Small Acts of Kindness
The king of Egypt said to the Hebrew midwives, one of whom was named Shiphrah and the other Puah, “When you act as midwives to the Hebrew women, and see them on the birthstool, if it is a boy, kill him; but if it is a girl, she shall live.” But the midwives feared God; they did not do as the king of Egypt commanded them, but they let the boys live. (Exodus 1:15-17)
The story of Exodus began with a few women on the scene: Shiphrah and Puah (two midwives), Jochebed (Moses’ mother), Miriam (Moses’ sister), and Pharaoh’s daughter. Their stories helped change the fate of the Israelites in Egypt. Each did something they believed within them and with their own power and risk, and in fear of God. The midwives disobeyed the order of Pharaoh to save lives. Jochebed hid Moses for three months. Miriam helped make the connection between Pharaoh’s daughter and her mother to raise up Moses. What they did is seemingly small and unimportant, but together they helped save the Israelites. The verdict of Pharaoh failed to overcome these small acts of a few women.
Their acts helped save Moses who would become the liberator of the Israelites from slavery and death and who would bring the Israelites to the promised land. These small acts helped change the future of the Israelites and gave them an identity as a nation. These women took upon themselves these acts to resist someone powerful or something unjust, inhuman or evil in order to change something they hoped and cared about, for good. The small act of Rosa Park who refused to move from her seat, for example, led the Supreme Court to declare bus segregation unconstitutional. Any small act that is done with love, justice, kindness, gentleness, faithfulness, righteousness, goodness, forgiveness, generosity, peace, humility, respect, and the like, can make a big difference in someone’s life.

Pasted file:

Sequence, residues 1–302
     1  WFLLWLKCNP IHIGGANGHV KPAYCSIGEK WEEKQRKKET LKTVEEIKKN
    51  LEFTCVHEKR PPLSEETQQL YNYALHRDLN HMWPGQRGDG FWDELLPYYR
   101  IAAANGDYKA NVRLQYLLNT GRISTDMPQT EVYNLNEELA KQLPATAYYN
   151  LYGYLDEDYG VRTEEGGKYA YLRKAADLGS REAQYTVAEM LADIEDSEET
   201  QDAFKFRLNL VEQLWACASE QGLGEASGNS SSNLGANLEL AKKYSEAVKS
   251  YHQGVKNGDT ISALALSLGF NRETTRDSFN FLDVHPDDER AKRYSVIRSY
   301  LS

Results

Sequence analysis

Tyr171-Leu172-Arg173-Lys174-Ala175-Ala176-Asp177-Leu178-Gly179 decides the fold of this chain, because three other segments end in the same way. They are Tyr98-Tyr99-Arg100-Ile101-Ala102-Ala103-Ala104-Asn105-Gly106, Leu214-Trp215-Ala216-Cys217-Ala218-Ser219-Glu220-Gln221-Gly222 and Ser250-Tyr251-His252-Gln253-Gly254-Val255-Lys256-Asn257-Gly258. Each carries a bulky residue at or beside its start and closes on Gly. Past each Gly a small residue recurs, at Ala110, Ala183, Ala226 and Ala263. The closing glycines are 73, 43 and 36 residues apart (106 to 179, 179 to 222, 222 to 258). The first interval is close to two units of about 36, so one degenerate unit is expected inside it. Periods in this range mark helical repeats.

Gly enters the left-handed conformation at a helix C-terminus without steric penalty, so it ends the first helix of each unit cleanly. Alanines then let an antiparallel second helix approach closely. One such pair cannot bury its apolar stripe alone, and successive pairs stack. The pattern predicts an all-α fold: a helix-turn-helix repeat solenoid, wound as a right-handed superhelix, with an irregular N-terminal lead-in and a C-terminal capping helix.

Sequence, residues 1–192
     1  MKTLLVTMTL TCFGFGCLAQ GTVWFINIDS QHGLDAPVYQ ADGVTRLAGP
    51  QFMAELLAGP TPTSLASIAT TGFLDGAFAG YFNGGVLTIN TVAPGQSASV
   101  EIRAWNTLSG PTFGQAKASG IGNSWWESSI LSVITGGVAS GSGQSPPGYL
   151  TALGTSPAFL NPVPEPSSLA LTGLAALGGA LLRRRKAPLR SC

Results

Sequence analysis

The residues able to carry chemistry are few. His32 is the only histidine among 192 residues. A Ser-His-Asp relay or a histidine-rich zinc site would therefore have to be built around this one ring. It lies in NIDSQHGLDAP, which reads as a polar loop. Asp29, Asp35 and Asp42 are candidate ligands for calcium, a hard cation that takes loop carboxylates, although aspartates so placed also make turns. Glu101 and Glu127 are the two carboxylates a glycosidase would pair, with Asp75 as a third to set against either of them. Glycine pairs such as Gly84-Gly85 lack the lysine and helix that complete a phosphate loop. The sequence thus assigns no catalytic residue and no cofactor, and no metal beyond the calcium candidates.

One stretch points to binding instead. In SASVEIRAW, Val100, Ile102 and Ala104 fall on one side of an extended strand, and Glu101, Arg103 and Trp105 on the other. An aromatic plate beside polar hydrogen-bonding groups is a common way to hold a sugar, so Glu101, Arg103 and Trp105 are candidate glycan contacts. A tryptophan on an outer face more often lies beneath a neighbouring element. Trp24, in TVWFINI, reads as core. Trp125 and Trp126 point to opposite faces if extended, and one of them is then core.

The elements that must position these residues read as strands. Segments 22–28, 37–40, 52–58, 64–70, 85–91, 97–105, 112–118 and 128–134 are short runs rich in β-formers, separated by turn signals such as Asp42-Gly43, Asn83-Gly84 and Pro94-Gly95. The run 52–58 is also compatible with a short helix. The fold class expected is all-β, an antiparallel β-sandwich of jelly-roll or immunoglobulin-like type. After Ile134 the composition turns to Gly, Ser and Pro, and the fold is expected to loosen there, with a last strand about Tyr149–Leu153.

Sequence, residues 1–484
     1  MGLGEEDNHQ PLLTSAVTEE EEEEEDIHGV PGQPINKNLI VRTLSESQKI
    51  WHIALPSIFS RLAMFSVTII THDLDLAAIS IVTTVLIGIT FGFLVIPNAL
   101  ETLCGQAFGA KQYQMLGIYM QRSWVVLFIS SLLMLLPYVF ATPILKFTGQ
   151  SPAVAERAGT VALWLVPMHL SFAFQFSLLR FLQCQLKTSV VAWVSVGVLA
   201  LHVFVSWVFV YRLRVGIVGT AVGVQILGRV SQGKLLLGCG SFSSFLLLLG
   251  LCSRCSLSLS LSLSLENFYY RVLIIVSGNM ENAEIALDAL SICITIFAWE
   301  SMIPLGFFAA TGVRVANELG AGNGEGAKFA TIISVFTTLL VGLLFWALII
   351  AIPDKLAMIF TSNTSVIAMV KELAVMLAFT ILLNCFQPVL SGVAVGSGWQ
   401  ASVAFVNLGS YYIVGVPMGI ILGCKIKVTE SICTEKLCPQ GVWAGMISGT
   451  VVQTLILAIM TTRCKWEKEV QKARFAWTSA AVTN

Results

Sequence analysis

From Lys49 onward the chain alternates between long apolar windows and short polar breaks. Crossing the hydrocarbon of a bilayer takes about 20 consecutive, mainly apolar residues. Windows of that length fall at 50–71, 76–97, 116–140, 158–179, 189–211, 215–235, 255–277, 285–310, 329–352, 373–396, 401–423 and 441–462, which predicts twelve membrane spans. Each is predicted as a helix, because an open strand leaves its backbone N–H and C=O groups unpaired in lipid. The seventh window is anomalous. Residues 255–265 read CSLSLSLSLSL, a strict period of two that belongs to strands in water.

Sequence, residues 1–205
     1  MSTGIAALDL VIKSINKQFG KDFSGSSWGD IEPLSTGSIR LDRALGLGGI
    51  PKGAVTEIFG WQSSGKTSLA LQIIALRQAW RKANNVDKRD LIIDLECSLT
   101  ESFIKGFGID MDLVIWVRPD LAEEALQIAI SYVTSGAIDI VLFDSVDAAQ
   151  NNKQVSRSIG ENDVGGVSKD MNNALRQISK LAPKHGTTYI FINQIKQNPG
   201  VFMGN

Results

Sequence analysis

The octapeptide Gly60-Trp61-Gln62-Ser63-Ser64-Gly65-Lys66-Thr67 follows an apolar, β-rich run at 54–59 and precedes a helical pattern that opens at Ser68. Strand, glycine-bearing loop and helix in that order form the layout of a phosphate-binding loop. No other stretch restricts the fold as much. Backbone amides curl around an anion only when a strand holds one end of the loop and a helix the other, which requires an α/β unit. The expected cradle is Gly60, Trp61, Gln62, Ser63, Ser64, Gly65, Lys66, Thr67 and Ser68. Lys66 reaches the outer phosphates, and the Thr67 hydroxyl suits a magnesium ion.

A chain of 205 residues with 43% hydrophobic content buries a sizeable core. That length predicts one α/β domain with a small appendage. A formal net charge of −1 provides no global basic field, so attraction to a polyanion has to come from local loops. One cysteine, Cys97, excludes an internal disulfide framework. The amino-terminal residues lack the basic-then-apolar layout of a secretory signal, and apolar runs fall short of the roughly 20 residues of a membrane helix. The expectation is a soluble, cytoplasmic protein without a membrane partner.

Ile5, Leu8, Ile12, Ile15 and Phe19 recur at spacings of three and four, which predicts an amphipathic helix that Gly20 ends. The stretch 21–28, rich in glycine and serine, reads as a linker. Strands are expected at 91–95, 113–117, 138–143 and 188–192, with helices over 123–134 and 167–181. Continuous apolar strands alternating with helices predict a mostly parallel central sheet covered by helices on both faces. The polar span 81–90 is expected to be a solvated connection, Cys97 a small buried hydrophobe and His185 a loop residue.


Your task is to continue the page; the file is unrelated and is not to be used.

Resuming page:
In the larger scope, this means small things we do each day can be a powerful force for the transformation of our world and our church. We may not know now, but the small thing we do today may impact the change of tomorrow. As Paul said, “So let us not grow weary in doing what is right, for we will reap at harvest time, if we do not give up. So then, whenever we have an opportunity, let us work for the good of all, and especially for those of the family of faith.” (Galatians 6:9-10)
Merciful and Almighty God, you are God of all people and all races and ethnicities. You love and care for every soul whom you have formed into living creatures. Help us to serve one another and to take the opportunity do something good every day, great or small, for someone and for your church, that your name may be glorified, today, tomorrow and forever. Amen.